Bill Nye “the Science Guy” recently created a lot of hubbub when he suggested that folks who deny evolution and teach kids to do the same are holding back our society. Here’s a snippet of Nye’s comments:
“And I say to the grownups, if you want to deny evolution and live in your world, in your world that’s completely inconsistent with everything we observe in the universe, that’s fine, but don’t make your kids do it because we need them. We need scientifically literate voters and taxpayers for the future. We need people that can — we need engineers that can build stuff, solve problems.”
Nye went on to say that creationism (his exact words: “that worldview”) won’t exist in a couple of centuries since there is no evidence for it.
Guess what. The Science Guy is right … at least about two things. First, as Christians, we must be “scientifically literate” people and increasingly so. When we affirm, admire and explore scientific processes, we might find ourselves in the midst of something sacred. We might immerse ourselves in the infinite mysteries of God’s creation. Even more sacred, we might align ourselves with these mysterious processes, and we might help life to flourish.
Second, and more specifically, Bill is right that we cannot categorically deny evolution just as we can’t and shouldn’t deny the Big Bang theory. When we do, we claim access to Imagination that exceeds the bounds of our understanding. In so many ways, we have forgotten a fundamental principle about our beliefs: that God is transcendently creative and powerful and caring and just such that words like “transcendently” and “creative” and “powerful” and “caring” and “just” are offensive to God’s otherness. What we see before us on a daily basis could be attributed to both the Big Bang and evolution. And the Big Bang and evolution could be attributed to God. In my mind, there’s good evidence for both.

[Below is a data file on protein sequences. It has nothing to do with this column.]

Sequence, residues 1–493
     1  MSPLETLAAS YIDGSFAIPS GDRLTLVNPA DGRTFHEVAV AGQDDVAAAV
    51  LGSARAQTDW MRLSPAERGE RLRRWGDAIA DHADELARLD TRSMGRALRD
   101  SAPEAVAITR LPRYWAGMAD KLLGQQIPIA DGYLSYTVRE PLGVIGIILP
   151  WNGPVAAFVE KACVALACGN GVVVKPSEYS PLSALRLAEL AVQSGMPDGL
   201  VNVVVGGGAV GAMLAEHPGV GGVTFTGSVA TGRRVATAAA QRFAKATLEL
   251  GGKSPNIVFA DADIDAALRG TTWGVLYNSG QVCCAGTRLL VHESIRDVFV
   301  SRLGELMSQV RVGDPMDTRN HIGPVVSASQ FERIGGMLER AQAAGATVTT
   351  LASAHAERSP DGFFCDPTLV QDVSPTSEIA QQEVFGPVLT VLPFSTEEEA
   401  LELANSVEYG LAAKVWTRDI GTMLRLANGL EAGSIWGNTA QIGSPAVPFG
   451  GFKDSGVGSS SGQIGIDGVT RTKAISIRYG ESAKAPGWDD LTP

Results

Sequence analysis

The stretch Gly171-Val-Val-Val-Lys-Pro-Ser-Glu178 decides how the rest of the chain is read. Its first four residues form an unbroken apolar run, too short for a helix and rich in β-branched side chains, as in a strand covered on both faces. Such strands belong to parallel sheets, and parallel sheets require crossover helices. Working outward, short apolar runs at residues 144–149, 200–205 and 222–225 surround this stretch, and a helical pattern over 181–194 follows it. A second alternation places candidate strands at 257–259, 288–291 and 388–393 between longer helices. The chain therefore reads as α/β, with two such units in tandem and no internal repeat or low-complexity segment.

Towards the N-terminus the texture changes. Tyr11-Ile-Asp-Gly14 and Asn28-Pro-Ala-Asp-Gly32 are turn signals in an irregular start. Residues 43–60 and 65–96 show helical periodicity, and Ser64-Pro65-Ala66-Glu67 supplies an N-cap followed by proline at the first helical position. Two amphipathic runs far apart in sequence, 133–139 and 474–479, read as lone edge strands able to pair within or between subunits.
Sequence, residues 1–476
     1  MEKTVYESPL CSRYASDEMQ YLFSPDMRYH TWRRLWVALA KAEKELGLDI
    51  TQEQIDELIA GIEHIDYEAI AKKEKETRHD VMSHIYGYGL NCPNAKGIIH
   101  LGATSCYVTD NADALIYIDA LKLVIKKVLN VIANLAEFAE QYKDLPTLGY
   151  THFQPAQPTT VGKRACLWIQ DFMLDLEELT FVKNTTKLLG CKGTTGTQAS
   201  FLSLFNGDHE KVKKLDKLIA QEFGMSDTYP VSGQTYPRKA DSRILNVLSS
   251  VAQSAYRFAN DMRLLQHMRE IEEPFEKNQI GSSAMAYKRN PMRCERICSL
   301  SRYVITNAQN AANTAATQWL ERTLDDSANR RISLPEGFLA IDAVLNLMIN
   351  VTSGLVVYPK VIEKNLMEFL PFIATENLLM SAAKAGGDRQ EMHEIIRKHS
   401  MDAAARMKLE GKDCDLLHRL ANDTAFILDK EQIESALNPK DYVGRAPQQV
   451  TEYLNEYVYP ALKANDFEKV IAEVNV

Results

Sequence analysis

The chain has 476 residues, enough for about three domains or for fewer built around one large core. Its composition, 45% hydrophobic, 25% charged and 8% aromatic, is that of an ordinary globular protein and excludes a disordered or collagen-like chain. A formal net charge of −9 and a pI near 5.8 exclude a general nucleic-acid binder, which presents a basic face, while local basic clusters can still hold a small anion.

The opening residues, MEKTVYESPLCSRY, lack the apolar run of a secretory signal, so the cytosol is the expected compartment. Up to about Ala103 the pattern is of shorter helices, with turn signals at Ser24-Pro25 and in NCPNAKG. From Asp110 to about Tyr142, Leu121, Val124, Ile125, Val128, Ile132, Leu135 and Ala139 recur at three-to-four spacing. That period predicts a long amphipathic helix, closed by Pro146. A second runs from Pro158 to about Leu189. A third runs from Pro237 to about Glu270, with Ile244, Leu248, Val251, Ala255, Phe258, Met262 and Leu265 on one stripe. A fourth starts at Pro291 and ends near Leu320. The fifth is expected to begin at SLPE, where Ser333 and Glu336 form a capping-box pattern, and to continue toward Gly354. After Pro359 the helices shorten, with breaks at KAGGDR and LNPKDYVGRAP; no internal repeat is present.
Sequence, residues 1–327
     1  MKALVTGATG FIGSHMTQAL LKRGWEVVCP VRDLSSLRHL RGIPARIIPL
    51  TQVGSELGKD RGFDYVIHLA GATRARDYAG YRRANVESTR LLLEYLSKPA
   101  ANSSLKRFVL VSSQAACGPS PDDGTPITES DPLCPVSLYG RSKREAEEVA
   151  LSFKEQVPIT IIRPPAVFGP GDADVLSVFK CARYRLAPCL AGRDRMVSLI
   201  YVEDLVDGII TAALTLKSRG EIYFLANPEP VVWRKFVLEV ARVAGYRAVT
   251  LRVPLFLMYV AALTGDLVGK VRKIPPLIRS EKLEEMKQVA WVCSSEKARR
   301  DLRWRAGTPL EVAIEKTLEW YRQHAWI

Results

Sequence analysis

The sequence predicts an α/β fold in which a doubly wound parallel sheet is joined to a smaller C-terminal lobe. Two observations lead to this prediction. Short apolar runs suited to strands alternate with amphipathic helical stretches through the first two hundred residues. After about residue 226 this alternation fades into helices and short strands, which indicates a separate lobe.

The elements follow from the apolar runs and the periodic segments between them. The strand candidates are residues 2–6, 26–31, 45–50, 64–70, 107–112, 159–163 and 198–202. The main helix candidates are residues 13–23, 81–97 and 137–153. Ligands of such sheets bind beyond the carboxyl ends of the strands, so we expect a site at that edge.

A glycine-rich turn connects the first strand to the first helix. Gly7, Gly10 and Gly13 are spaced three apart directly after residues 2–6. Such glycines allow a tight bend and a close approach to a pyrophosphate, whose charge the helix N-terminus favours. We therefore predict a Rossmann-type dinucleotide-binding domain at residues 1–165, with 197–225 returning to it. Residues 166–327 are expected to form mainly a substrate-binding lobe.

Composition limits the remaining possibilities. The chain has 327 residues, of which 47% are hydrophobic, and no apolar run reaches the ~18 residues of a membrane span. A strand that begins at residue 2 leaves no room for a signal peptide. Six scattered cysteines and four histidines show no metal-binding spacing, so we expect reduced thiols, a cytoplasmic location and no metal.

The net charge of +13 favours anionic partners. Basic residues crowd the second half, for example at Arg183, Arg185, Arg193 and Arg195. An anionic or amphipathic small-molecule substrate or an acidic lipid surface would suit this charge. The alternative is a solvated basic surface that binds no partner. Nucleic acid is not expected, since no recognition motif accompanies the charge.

This brings us to where, I think, the Science Guy has missed the mark a bit. Christianity is changing as rapidly as many other facets of our globalized culture. Yes, there are scores of Christians who interpret Genesis 1 literally and affirm that God created the world and humankind out of nothing in 168 hours. And there are also a great number of Christians who would engage the Big Bang and evolution as probable pieces of God’s creative puzzle. While I belong more to the second group, I am more committed to the reality that, as Rich Mullins said, God is right, and we’re just guessing.
Unfortunately, throughout Christianity’s dynamic history, up to our own time, we as Christians haven’t proclaimed, God is right, and we’re just guessing; instead we’ve shouted, I am right … and God is too. That being said, we need to grow as spiritually literate people; people who crave humility; who pray and meditate on God’s word daily; who seek to be changed by Jesus’ countercultural way; who hope to permanently transform suffering; people who, as Bill Nye said, build stuff and solve problems. If we grow in these ways, we might then understand how important and worthwhile it is for us to be scientifically literate. And then, who knows, creationism may not die out. It might evolve.
Thanks to the Science Guy.